German Employment Law When Working In Germany

German employment law is there to regulate relations between you and your employer. Of course, the law favors the employee and intends to protect him or her from unfair practices.

You should know that all German employees must have written contracts with their employer. This is law in Germany. It includes contracts that show salary and benefits, starting date, place of performance and so on.

Another kind of contract is the limited term employment contract. It is only used when there are specific reasons for limitation in employment, such as the job being a project, etc. An employer can enter into one of these contracts for a period up to two years without any restrictions.

Days Of Work — Business Days

German employment law allows for five-day workweeks. Workweeks are, generally, from Monday to Friday — depending on the job Saturdays may be included, too. It excludes public holidays of course.

Hours for a five-day workweek average between thirty-five to forty hours. The daily time can’t exceed eight hours. Sometimes you can work up to ten hours in a day if it averages out so that in a period of six months the average daily time doesn’t exceed the eight hours.

You’ll find the law prohibits working on Sundays and holidays, so if you are a workaholic, you will have to restrain yourself! If you do have an exception where you need to work at these times, you will have to get prior approval from the government.

Each year you are entitled to four weeks of vacation time. It’s more typical to receive about 25 to 30 days a year however, which depends on the type of business it is and your seniority.

Another good thing to know is that under German employment law, you are entitled to fully salary for up to six weeks in case of an illness. Sometimes your employer will have to continue the payments for up to 12 weeks. If the illness extends this time your health insurance continues to pay the gross of your salary.

If you are female, you would like to know that maternity leave is also covered under employment law. It can’t begin later than six weeks before your due date and it can’t end later than eight weeks after your child’s birth. Your employer can’t fire you during your pregnancy or for four months after childbirth either.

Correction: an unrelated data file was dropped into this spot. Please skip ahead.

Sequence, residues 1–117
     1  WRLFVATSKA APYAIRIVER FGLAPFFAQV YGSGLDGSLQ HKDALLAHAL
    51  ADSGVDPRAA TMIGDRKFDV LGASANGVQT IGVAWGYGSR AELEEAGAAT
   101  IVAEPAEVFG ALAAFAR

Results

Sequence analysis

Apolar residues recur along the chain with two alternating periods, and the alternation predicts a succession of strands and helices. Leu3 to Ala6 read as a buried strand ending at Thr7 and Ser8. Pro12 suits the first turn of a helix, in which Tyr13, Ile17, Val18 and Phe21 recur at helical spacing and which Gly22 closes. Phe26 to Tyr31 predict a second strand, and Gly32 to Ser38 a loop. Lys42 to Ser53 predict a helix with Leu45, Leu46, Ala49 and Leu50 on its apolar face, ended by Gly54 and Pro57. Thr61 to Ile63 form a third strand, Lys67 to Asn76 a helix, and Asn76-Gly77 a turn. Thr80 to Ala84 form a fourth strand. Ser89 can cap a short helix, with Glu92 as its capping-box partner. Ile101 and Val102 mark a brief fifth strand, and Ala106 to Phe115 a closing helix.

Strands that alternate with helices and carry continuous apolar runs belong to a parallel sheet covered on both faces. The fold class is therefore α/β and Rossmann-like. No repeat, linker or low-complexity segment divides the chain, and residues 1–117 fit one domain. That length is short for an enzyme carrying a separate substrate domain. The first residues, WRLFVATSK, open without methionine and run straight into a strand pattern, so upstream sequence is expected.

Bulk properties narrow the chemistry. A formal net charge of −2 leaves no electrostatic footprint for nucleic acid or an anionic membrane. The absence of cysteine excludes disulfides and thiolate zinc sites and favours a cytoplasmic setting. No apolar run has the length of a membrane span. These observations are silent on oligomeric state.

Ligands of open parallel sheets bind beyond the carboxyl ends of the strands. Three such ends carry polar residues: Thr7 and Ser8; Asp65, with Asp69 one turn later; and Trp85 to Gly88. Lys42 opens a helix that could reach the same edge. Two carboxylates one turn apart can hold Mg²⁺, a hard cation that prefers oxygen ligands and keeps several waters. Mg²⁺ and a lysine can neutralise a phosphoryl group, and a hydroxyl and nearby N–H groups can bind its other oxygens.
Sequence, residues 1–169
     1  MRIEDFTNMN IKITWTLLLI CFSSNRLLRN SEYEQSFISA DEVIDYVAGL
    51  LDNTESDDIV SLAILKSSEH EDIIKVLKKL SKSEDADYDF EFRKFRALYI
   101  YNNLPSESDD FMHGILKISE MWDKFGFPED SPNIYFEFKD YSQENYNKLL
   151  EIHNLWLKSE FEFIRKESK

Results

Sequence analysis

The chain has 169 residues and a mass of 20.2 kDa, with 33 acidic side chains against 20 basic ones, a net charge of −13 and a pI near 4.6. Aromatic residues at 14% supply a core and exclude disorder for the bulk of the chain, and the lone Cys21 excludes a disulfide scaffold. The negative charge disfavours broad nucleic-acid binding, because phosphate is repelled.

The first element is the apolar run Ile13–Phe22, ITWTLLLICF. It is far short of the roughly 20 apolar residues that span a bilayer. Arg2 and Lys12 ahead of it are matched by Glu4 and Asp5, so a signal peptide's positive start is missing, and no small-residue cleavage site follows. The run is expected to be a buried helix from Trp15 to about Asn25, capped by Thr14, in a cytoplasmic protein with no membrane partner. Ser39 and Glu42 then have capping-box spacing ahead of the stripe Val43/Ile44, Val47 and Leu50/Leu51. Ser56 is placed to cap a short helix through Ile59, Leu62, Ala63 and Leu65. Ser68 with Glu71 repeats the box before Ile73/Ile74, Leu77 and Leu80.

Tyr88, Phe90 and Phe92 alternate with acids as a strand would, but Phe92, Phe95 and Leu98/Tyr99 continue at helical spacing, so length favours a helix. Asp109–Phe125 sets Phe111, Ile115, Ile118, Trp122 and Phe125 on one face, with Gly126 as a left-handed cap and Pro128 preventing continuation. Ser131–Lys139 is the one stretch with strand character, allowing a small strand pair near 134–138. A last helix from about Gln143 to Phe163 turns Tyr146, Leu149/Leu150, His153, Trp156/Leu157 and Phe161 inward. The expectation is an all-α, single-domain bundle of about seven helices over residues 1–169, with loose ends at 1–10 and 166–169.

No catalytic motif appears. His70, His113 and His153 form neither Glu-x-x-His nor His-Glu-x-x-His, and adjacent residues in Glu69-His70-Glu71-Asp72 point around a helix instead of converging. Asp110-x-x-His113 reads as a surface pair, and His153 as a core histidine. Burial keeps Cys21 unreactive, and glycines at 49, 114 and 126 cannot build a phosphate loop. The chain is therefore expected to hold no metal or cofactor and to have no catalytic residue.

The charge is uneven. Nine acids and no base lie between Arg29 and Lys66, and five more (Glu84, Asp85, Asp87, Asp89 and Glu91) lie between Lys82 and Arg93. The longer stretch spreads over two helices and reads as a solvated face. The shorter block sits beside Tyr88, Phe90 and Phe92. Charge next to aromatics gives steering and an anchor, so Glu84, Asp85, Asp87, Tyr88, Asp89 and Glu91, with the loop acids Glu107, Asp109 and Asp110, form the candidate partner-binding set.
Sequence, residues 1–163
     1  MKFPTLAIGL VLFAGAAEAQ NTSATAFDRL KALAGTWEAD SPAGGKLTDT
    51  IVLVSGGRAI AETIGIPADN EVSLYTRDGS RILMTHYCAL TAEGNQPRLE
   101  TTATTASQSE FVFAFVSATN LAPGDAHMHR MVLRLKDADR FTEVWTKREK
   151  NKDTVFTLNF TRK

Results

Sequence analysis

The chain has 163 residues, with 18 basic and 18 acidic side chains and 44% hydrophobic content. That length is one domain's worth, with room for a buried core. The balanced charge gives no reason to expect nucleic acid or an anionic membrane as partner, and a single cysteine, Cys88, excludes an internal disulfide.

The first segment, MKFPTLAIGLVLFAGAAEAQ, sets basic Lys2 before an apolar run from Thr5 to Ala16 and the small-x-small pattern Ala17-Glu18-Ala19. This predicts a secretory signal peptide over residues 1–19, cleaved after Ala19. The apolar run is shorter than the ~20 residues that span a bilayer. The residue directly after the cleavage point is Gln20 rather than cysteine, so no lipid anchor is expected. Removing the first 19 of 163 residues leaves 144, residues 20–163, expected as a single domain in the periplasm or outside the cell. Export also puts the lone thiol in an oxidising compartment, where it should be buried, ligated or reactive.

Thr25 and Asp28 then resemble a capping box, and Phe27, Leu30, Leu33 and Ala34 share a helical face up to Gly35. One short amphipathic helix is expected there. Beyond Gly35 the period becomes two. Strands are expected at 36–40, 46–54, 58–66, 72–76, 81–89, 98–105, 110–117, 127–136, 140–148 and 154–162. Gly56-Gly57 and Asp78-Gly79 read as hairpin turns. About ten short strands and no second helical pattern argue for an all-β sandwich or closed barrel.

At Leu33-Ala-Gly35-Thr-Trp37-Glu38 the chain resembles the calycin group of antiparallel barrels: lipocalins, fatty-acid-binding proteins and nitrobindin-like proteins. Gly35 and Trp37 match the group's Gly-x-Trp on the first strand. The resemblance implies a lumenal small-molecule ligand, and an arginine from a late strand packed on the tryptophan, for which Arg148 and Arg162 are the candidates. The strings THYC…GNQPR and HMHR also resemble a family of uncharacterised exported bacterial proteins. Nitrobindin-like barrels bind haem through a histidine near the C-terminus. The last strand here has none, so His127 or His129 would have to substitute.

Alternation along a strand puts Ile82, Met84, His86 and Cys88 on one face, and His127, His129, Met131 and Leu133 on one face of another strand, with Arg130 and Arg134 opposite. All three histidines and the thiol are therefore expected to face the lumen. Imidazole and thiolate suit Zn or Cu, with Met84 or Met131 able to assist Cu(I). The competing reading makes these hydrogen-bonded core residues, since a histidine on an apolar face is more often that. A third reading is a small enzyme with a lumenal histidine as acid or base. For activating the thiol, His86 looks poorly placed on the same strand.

Parental leave for both men and women is also covered. You won’t get paid during the three years allowed, but your employer also can’t terminate you. Legally you can also work part-time during this period, up to thirty hours a week.

Within the Social Security System of Germany, your health insurance, home care, unemployment insurance and other insurances exist. You will pay part and your employer will pay part, around 50% each. The premiums come out to about 22% of your gross salary (excluding tax).

German employment law also regulates the rules of termination. You will be given maximum protection so you won’t be dismissed unfairly. Depending on how long you’ve been employed at the company, the employer will have to give you anywhere from four weeks to seven months notice. Be sure to check your employment contract as it will have been mutually agreed upon within your contract.

Working in Germany is a great thing to do, especially when you know that the laws are set up in your favor. You are protected and can feel comfortable knowing that you are fairly secure in your job.

German employment law is geared to keep the relationship healthy between you and your employer. Your rights are safeguarded and it allows for effective employment anywhere in the country.

Know your rights and love your job! ;-)

 

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